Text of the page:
Iceland: Equal pay for men and women

Half-member women in the Iceland Parliament with 325,000 populations are women

Half-member women in the Iceland Parliament with 325,000 populations are women

Stockholm … News time

Women face gender equality in most of the world countries. In most societies women do not get men equal rights. In this context, women’s organizations are also reporting reports of disturbances. In the third world, the concept of equal rights to women is found at a limited levelbut in developed countries, the situation in this regard is not satisfactory. There is also discrimination against women and they are considered less. Women from home to work in all fields of office and life work together as men. However, discrimination is common in them everywhere. There is something similar to the salaries. Female employees usually get less salary than their male counterparts.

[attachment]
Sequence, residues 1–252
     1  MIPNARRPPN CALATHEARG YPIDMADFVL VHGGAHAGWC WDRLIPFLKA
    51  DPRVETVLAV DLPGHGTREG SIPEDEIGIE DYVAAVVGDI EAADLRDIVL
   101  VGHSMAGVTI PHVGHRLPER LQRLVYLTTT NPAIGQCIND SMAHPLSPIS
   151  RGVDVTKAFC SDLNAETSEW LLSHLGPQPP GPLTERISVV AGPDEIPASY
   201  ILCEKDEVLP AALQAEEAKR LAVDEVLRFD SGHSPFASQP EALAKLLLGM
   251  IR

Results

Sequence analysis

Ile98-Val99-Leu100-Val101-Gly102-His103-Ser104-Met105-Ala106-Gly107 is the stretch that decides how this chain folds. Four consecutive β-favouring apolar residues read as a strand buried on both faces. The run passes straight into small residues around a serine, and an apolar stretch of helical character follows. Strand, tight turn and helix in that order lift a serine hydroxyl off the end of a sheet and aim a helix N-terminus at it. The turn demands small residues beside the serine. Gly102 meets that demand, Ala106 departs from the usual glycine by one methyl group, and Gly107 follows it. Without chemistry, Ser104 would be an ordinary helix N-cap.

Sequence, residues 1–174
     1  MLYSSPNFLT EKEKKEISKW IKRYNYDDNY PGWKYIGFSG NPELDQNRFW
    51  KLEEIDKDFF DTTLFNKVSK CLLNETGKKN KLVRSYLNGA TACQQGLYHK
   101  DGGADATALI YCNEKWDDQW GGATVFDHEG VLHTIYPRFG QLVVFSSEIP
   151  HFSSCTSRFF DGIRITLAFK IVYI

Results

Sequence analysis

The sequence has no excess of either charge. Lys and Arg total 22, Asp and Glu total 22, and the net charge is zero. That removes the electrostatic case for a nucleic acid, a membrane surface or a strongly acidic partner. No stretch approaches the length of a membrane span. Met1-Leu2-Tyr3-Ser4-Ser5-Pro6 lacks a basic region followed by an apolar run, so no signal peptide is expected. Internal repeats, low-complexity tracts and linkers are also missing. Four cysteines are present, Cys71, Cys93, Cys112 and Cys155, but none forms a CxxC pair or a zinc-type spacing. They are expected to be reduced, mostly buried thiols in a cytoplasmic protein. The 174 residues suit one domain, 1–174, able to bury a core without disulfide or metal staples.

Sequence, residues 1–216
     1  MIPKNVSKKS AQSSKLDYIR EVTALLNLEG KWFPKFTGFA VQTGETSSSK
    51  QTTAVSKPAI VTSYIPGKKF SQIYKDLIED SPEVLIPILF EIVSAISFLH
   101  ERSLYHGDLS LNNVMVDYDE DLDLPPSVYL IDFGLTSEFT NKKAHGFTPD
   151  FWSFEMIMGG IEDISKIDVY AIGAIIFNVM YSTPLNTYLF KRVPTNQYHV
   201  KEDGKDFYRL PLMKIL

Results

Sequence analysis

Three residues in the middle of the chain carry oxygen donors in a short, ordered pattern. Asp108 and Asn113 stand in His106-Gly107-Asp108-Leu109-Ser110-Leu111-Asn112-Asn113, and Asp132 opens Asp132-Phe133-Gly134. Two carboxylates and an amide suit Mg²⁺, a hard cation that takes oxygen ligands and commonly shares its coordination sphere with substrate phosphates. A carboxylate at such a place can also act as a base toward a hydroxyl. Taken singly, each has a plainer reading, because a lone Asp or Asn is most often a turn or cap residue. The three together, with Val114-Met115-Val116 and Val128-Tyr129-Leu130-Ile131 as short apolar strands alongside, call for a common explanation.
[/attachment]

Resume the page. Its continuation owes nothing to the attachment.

Rights organizations working for women raise their voice for other rights as well as demanding equal payment of women’s salary. However, no government had yet to quit their fate. Iceland has become the first country to legalize this long-term demand for women. From the first day of the New Year, law and order of equality in the European country has been applied. Now all the factories, companies, and employees in various institutions have become entitled to pay salary equivalent to women, male employees. Under the new law, all companies and government agencies whose minimum number of employees is 25, they will have to get the equivalent salary policy certificate from the government. This certificate will be proof that there is no difference between male and female in the mentioned company. The certificate will be issued after the clearance by the concerned official constituency. In institutions in which women do not have equal policy to pay male employees, they will be penalized. According to the World Economic Forum (WEF), Iceland is ranked first in terms of gender degradation. Now after the new law has been enforced, it is also a little discomfortable. Half-member women in the Iceland Parliament with 325,000 populations are women. Equally the bill of government and opposition members had unanimously supported. The Iceland Women’s Rights Association has expressed concern over the implementation of the law. A member of the Association of Board of Directors said the media saidthis is an important step towards the end of gender non-equality.


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